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Washington Mystics arena site of mass vaccination site; It's in a ward that has most COVID deaths in District

D.C. opened a high-capacity site at the Mystics arena and another at Providence health system this weekend.

WASHINGTON — D.C. Health set up one of its clinics east of the river in the home of the Washington Mystics — the Entertainment and Sports Arena, located in Ward 8. As of Sunday, health data reports 196 deaths since the start of the pandemic — the most of any ward in the District.

3,000 Johnson & Johnson vaccines made it into D.C. residents' arms over the weekend as the city opened two new mass vaccination sites. The other site was set up in northeast D.C. at Providence Health System.

At the arena — Georgetown University medical and nursing students staffed the 13 vaccination cubicles, administering 750 doses a day. In total, the vaccination unit leader deputy estimated 100 volunteers participating throughout the day.

Each shot is appointment-based and is booked through registrations made on D.C.'s vaccine portal, according to D.C. Health Senior Deputy Director, Patrick Ashley.

67-year-old Valerie Swaringer got her shot Sunday morning, though she resisted going at first.

"I wasn't going to take it. And my kids, you know, registered me online. I went to my primary care doctor and she suggested I go ahead on and have it," Swaringer said. "So I made up my mind, came on, and I'm glad I did."

RELATED: In move for vaccine equity, DC set to prioritize Ward 6 ZIP code with disparity

Swaringer lost her husband to COVID in April 2020.

“He had a seizure, went to the hospital, and caught COVID in the hospital or the day after," she said. "So, three days later, he was gone. I wasn't able to see him … and it was devastating.”

The medical students who are volunteering and administering the vaccines said hearing stories like Swaringer's help fuel their desire to help.

"It's really meaningful, just sort of as a medical student and for myself to be able to administer the vaccine to sort of help people," fourth-year medical student, John Hebb said. "A lot of the patients that I've interacted with, it's been like a very emotional experience for them."

If some people do not show up for their dose, vaccination unit leader deputy and med student Nellie Darling said they have a list of unvaccinated arena staff, volunteers, and community members who can come in at a moment's notice.

"We want to give every dose that we've got," Darling said. "You know, it's a race against herd immunity and how fast can we get these vaccines into people's arms. So the more we can do this, the better we can serve our community."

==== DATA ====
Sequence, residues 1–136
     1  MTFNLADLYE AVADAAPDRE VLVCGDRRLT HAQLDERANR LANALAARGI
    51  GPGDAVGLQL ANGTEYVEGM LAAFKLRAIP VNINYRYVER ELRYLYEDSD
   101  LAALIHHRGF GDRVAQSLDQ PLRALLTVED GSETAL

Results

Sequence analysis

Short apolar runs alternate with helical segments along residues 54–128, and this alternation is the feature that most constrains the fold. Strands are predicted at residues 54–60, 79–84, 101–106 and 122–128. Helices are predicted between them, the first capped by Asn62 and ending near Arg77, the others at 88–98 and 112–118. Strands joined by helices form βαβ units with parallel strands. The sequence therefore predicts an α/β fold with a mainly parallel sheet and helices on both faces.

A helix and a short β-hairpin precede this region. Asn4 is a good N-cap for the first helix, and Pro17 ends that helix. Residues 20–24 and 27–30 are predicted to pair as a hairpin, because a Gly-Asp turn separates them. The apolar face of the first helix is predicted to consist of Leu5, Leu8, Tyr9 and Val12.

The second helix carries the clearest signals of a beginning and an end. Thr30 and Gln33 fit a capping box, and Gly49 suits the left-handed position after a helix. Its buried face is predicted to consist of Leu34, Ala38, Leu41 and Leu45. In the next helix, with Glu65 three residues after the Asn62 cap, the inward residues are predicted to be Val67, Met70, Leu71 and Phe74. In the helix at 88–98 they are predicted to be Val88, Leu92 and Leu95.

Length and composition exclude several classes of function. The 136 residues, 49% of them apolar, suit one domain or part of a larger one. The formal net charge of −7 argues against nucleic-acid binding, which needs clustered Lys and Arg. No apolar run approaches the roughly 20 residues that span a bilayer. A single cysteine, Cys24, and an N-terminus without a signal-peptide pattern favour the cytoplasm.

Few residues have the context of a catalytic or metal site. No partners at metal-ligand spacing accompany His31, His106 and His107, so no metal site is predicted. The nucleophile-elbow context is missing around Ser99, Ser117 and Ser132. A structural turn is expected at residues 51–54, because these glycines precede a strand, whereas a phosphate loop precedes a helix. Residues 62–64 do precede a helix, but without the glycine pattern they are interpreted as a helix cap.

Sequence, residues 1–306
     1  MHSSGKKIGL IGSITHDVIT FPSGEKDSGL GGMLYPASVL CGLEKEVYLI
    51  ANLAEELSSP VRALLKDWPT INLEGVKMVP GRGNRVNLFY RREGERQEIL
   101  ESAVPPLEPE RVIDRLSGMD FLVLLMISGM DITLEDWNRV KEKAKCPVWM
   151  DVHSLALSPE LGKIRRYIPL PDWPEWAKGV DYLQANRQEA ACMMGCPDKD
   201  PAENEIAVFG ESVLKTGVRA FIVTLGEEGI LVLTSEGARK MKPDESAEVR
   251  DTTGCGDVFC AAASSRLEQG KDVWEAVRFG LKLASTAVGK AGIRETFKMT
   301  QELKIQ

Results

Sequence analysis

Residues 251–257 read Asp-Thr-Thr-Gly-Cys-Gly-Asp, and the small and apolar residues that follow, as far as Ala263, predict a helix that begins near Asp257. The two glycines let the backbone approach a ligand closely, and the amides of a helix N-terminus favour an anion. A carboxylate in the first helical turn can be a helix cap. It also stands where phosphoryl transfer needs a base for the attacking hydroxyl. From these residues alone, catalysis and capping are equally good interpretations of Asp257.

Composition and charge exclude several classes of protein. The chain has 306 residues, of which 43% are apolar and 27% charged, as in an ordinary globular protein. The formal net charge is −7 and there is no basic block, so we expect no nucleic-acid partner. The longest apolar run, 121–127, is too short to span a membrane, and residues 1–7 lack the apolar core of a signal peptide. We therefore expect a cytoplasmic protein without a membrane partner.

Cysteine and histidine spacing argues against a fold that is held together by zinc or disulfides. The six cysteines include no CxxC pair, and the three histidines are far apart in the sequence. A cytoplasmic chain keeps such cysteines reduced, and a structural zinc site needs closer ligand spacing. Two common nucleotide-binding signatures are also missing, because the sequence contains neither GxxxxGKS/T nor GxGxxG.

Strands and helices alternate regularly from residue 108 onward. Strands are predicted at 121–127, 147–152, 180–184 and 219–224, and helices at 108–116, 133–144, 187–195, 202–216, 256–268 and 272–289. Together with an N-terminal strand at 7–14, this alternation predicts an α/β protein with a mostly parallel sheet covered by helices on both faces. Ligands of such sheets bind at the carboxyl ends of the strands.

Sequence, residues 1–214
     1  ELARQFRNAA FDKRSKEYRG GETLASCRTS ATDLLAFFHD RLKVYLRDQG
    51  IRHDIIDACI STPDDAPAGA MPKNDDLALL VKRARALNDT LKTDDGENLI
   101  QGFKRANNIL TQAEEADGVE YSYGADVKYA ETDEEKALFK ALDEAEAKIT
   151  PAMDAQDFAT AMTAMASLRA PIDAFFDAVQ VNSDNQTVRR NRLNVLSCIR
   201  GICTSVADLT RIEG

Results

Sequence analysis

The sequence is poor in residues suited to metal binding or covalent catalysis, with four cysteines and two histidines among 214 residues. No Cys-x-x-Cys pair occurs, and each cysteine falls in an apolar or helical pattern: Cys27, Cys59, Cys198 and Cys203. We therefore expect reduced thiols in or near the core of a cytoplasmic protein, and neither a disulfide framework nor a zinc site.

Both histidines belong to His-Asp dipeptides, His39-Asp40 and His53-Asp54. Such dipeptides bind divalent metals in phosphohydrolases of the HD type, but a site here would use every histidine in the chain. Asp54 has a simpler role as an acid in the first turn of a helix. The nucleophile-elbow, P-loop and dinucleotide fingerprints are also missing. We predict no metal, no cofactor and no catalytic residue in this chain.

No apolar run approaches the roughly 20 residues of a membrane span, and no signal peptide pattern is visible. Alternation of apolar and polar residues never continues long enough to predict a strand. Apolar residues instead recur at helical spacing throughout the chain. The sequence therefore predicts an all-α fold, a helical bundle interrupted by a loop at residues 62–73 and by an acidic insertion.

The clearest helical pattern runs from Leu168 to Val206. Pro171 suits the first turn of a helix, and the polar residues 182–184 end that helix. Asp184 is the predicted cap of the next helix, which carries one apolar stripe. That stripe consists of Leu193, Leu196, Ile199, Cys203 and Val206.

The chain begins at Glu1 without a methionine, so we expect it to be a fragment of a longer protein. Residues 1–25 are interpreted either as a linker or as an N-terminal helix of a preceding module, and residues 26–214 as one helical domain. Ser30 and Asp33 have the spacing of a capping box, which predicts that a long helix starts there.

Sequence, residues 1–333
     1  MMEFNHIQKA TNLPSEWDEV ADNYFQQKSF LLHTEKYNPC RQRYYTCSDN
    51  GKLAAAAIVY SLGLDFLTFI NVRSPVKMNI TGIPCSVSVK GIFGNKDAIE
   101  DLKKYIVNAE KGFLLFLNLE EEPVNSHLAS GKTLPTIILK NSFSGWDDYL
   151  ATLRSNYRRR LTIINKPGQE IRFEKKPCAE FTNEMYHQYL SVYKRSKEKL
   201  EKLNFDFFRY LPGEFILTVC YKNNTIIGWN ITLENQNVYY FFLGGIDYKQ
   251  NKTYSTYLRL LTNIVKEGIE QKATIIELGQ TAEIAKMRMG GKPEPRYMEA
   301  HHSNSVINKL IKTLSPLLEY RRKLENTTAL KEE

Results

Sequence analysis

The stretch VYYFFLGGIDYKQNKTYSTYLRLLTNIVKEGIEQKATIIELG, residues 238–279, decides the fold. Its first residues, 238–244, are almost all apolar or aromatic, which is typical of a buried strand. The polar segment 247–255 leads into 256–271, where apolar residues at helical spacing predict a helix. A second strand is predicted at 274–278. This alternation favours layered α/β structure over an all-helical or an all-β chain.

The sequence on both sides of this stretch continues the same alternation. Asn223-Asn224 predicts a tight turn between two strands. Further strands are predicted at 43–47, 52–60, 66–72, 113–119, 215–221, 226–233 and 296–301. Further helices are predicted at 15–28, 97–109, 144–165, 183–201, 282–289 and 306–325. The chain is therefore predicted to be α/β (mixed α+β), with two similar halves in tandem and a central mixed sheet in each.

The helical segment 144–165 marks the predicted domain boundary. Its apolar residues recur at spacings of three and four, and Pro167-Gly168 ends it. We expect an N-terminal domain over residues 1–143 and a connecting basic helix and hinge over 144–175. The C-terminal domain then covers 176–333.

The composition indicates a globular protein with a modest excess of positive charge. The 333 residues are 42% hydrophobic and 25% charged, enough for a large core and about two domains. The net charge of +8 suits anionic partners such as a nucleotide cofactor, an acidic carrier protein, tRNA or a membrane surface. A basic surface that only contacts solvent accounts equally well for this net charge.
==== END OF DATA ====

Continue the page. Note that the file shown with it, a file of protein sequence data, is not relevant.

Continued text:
Ashley said the vaccine supply is gradually ramping up. Now, they're getting 25,000 vaccines a week.

“Our message has always been that DC needs more vaccine," he said. "As we get more vaccine, we'll continue to open additional community sites, which are our smaller sites throughout the city, as well as open up additional availability here at our high capacity sites.”

He said continuing mass vaccination sites each week will depend on supply. Ashley sees advantages to both the mass vaccination sites and the smaller clinics D.C. Health is continuing to set up in different communities.

"The drawbacks of the mass vaccination sites or high capacity sites, as we like to say, are typically larger in size, which means that there's more walk in. They're normally centrally located in the city," and very efficient, Ashley said. "The community sites, though, are spread out throughout the city, which makes it easier to get to you for some populations."

As D.C. prepares to continue receiving more and more vaccines, Ashley said they'll keep looking at opportunities to bring the vaccines into the community in an equitable way.

"Make sure that we're getting further and deeper into the community so that we do address individuals who may not be able to get to some of the sites that we have," he said.

He said they're also planning to start rolling out vaccines to individual providers so that eventually all providers in the District will have access to the COVID vaccine like they carry annual flu shots.

Ashley said the new registration site gives them a significantly larger data set, so they can start targeting specific neighborhoods and specific initiatives aimed at certain groups or parts of the city.

Darling, Hebb, and Ashley all echo the sentiment: the best vaccine is the one you can get.

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